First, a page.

- The Washington Times - Saturday, August 6, 2005

RIYADH, Saudi Arabia — Saudi officials privately say that the visit last week by Vice President Dick Cheney and other VIPs, including the first President Bush, have helped to cement the U.S.-Saudi alliance at the onset of King Abdullah’s rule.

Other members of the U.S. delegation included former Secretary of State Colin L. Powell and Marine Gen. Peter Pace, vice chairman of the Joint Chiefs of Staff.

Saudi officials privately said they were pleased by the high-level U.S. representation.

American and other international reporters, photographers and television crews were kept at arm’s length throughout the visit.

American media were prevented from going to the air base in central Riyadh, where the U.S. delegation’s plane landed and took off. The Saudis granted permission at the last minute for a U.S. television cameraman to accompany the delegation and to film the start of the get-together.

“That [absence of U.S. media] helped to give the Saudis a sense that the visit was genuinely to express condolences and to congratulate the new official leader, rather than to grab headlines,” said a Western diplomat, who asked to remain anonymous.

King Fahd died last week after a lengthy illness, and his half-brother, Abdullah, was elevated from crown prince to king.

Mr. Cheney and Mr. Bush were shown on television embracing King Abdullah and the newly named Crown Prince Sultan, King Fahd’s half-brother.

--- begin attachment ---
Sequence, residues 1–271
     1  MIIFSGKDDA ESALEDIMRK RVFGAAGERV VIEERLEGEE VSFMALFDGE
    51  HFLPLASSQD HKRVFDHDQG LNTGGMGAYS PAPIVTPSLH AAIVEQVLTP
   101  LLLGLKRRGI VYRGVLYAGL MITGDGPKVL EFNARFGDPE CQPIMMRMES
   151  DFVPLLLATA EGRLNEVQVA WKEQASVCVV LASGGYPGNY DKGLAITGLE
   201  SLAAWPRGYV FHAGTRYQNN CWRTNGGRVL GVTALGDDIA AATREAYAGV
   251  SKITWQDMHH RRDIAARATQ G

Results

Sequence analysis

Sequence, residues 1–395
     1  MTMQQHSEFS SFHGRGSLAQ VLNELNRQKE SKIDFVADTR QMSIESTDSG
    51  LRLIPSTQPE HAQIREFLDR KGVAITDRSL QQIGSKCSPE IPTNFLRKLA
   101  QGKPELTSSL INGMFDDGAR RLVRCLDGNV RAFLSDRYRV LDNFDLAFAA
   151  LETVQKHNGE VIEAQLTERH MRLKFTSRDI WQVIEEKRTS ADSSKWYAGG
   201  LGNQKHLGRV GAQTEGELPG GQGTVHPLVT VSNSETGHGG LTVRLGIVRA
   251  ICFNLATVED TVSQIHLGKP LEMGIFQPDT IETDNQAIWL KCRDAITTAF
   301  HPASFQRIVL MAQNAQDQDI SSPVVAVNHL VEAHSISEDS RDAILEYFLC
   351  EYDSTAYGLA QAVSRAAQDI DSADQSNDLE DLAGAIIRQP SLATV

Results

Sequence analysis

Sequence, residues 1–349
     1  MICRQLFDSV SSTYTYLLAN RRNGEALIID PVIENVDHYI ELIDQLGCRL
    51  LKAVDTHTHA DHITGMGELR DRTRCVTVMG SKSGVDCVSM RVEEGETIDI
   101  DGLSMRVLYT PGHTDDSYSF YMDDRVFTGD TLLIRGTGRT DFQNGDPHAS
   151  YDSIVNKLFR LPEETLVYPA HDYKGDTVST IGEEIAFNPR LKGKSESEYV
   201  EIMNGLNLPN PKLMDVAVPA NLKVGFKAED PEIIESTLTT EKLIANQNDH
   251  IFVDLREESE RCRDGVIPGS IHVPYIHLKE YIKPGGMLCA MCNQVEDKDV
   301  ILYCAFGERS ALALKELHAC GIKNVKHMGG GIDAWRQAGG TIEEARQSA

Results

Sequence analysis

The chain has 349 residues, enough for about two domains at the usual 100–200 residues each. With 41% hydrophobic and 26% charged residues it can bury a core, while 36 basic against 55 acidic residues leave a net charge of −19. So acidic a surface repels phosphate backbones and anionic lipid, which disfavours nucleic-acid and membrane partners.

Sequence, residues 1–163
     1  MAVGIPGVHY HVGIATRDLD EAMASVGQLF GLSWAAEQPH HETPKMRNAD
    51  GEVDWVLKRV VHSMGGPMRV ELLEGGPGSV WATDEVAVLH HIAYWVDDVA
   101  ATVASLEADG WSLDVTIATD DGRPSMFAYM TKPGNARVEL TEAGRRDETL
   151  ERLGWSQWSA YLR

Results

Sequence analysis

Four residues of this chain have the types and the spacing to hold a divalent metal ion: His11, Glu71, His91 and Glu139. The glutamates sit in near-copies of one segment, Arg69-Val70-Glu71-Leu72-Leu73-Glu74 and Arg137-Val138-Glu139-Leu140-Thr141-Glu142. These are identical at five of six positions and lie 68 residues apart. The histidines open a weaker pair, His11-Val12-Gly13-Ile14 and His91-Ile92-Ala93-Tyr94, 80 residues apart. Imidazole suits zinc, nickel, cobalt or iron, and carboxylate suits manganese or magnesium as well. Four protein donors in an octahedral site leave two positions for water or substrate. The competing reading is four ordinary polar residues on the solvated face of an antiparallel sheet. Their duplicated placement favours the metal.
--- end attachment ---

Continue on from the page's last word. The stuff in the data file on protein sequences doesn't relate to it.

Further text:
The images reflected respect for Saudi tradition while emphasizing the cordiality of the U.S.-Saudi relationship, which has been strained since the September 11, 2001, attacks, predominantly by Saudi-born terrorists.

“Right now, our main focus is on continuing the good work that we’ve done with the Saudi government and moving forward in our relationship under the new Saudi leadership,” Tom Casey, a State Department spokesman, said earlier.

A Saudi official later gave the sketchiest of briefings to Saudi reporters.

Arab News said the leaders had “reviewed their bilateral relations, and the situations in Palestine and Iraq as well as issues that came to the forefront during the recent Saudi-U.S. summit at the current President Bush’s ranch in Crawford, Texas.”

The meetings took place under tight security in the capital, where there had been fears that Al Qaeda terrorists might try to exploit the presence of so many foreign leaders and of many local dignitaries and well-wishers to strike.

Distributed by WTN/World News & Features.

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